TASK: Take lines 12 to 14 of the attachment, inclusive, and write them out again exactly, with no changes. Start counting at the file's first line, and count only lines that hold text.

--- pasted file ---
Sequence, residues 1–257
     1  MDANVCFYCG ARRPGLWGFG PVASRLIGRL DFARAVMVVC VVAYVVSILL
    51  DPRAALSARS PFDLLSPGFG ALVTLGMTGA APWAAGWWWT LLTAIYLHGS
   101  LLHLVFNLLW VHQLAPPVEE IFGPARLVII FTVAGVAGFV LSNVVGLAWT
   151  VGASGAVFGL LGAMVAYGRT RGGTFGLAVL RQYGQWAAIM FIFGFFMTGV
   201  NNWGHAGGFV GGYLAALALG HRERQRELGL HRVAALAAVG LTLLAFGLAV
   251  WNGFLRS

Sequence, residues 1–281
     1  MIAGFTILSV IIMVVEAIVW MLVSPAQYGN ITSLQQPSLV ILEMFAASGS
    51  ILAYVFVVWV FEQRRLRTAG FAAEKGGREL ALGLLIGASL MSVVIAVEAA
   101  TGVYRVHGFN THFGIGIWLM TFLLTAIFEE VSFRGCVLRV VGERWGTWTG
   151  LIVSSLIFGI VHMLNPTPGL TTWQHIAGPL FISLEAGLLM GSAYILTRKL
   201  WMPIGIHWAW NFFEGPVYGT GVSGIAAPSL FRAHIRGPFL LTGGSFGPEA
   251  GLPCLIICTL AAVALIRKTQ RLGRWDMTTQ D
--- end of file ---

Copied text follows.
   151  LIVSSLIFGI VHMLNPTPGL TTWQHIAGPL FISLEAGLLM GSAYILTRKL
   201  WMPIGIHWAW NFFEGPVYGT GVSGIAAPSL FRAHIRGPFL LTGGSFGPEA
   251  GLPCLIICTL AAVALIRKTQ RLGRWDMTTQ D